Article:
Changing Your Radio

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This page is for owners of Radios who wish to make changes to the software/firmware running on radio, but are a bit lost as to where to start. This gives an overview and a few pointers into the Wiki.


The warning.

Almost everything described here may be breaking the terms of any warranty you have with the supplier. Quite a few of the things described run the risk of turning your radio into a "brick", see 10 Sure-Fire Ways to Trash Your Radio. So, proceed at your own risk. That said, the methods do work if followed carefully.

What can I change ?

There are two types of change possible;

  • Firstly one can gain access to the radio and make changes to the configuration. This might allow you to alter the menu structure, turn on features (eg. alarm clock with multiple settings) or enable an additional device (such as a USB flash memory for playing back files).
  • Secondly, one can update the firmware on the radio to a different version. This may introduce new features or fix "problems" experienced with older firmware. For some owners it is the pragmatic way to get their radio updated as some "brand owner" seems indifferent to providing any updates through official channels.

Where do I start if I want to change things on my Radio ?

All the changes start by patching the radio, see Enabling Login, which describes the process and has links to help files and three video tutorials.

This process loads a webserver and telnet server onto the radio. This is done by asking the radio to request an update, intercepting this update on your computer (the proxy server) and returning the webserver and telnet update to the radio.

Once completed, the radio's internal files can be observed from a web-browser, or can be changed by gaining internal access through telnet.

This first stage is enough to allow changes to the Config.txt File.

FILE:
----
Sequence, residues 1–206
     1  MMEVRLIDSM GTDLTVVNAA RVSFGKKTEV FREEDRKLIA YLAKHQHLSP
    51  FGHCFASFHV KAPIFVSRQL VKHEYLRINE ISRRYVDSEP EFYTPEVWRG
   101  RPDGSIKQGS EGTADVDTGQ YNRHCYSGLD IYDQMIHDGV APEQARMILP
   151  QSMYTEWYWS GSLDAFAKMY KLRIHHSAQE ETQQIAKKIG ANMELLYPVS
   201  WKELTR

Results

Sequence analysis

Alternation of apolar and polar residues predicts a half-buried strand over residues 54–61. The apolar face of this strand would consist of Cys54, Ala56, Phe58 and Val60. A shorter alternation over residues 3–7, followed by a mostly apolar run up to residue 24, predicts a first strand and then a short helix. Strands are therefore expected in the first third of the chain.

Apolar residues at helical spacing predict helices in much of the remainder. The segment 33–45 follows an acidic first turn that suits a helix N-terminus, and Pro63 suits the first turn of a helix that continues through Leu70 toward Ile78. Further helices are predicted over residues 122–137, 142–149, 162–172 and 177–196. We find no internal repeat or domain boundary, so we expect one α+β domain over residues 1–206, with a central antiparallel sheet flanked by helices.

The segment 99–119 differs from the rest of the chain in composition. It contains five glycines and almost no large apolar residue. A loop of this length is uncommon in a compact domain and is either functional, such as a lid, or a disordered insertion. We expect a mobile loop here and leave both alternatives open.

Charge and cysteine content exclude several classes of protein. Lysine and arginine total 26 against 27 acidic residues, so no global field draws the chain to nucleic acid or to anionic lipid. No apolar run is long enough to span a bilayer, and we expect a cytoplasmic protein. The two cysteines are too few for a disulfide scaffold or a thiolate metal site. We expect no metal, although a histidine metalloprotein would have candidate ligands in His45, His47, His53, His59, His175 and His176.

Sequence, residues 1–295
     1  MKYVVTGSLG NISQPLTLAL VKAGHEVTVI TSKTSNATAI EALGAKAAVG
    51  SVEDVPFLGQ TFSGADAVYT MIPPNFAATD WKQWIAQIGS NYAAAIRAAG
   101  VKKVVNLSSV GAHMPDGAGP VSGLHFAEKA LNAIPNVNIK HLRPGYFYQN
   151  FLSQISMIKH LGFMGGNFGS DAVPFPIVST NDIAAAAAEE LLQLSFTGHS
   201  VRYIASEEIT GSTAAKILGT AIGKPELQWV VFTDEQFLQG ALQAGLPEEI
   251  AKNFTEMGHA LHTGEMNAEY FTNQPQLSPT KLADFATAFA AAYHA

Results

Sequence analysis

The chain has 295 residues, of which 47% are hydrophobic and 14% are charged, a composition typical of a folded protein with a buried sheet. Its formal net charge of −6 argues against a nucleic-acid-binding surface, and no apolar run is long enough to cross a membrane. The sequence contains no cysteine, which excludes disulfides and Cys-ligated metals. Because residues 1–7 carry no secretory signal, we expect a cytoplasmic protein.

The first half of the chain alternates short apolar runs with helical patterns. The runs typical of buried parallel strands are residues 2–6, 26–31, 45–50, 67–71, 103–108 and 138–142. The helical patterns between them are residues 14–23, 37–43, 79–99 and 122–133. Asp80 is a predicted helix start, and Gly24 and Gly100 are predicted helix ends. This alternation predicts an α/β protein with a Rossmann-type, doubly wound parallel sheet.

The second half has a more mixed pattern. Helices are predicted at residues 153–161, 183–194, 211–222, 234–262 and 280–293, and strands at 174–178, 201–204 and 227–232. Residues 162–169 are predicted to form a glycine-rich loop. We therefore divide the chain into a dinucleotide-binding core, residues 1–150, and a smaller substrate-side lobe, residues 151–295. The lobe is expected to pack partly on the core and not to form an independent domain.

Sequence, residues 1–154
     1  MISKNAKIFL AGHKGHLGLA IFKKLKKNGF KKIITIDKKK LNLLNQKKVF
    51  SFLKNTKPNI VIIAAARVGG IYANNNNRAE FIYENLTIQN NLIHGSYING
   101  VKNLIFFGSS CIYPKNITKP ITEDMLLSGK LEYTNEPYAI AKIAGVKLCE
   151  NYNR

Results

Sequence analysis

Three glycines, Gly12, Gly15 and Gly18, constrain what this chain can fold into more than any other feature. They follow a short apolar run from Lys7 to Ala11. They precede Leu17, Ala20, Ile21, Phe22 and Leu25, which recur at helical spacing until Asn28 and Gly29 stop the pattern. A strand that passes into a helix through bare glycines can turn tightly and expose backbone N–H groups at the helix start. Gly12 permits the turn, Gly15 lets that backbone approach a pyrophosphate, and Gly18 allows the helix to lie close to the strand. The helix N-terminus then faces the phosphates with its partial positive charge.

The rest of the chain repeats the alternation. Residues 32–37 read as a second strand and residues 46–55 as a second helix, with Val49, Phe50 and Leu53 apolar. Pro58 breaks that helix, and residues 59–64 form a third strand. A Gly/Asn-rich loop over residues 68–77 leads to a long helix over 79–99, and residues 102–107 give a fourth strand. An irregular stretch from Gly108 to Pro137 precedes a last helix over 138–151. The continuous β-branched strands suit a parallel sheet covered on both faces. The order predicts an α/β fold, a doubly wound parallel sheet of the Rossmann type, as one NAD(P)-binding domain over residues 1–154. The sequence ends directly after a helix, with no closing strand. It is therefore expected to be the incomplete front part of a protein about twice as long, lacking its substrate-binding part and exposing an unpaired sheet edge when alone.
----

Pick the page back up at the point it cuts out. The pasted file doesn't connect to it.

The next stage is Changing Firmware.

The radio is initially patched so that it can be accessed using a web-browser. The Web-browser is used to request a specific firmware version number file, which is saved onto the computer.

The radio is then connected to the computer (proxy server), and the radio requests an update. The version number file previously saved to the computer is used, and the radio then downloads that specified firmware from Reciva.

To see which firmwares have been tried with which radios, and which radios have been successfully Sharpfinned, please visit: Radios.

Basic Concepts

It may help if you have a clear model of operation when making changes to a Radio.

The Radio is running Linux, and is a cut-down specialised computer. By using the various tools on this site, its possible to communicate with the Radio.

Normal Radio Operation

When the Radio is running normally, it communicates with the internet via a wireless router. (some models also have wired connection). It does not need to communicate with your computer.

Network-diag-1.png


The Patchserver

The Patchserver application (see Enabling Login ) runs on the PC. The radio's configuration is changed so that the radio treats the Patchserver as its gateway, rather than the wireless router. The Patchserver can intercept requests from the Radio for "new firmware" and supply specific firmware back to the radio. Initially this is the Sharpfin application (next paragraph), but it can also be a whole new Firmware file.

Network-diag-2.png

Exploring Radio with a Browser, and requesting Firmware from Reciva

When the Sharpfin base patch has been added to the radio, it now has a webserver and a telnet server in the radio. The Radio is configured to communicate with the wireless router in the normal manner. Using this arrangement, a Web Browser on the PC can explore the radio. The Web Browser can be used to instruct the radio to download a firmware file from the Reciva website. Rather than attempt to display a binary file, the Web Browser is used to save the firmware file to the PC.

Network-diag-3.png

Exploring and Editing with Telnet

The PC can also communicate with the Radio using Telnet. This gives the user a "dumb terminal" which allows direct access to the Linux commands and files within the radio. For example, the user can invoke the "vi" command to edit a file within the radio.

Network-diag-4.png